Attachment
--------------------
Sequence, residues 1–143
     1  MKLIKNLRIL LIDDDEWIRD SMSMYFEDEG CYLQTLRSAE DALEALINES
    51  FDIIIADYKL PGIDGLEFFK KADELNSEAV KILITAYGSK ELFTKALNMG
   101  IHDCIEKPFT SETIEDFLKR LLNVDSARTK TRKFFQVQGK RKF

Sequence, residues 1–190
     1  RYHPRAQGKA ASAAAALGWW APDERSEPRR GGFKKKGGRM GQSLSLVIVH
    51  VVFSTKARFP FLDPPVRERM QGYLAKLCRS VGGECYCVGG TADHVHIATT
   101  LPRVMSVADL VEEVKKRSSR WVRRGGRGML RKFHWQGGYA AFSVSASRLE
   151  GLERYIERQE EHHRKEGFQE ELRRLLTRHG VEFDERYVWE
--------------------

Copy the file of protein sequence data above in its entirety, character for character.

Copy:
Sequence, residues 1–143
     1  MKLIKNLRIL LIDDDEWIRD SMSMYFEDEG CYLQTLRSAE DALEALINES
    51  FDIIIADYKL PGIDGLEFFK KADELNSEAV KILITAYGSK ELFTKALNMG
   101  IHDCIEKPFT SETIEDFLKR LLNVDSARTK TRKFFQVQGK RKF

Sequence, residues 1–190
     1  RYHPRAQGKA ASAAAALGWW APDERSEPRR GGFKKKGGRM GQSLSLVIVH
    51  VVFSTKARFP FLDPPVRERM QGYLAKLCRS VGGECYCVGG TADHVHIATT
   101  LPRVMSVADL VEEVKKRSSR WVRRGGRGML RKFHWQGGYA AFSVSASRLE
   151  GLERYIERQE EHHRKEGFQE ELRRLLTRHG VEFDERYVWE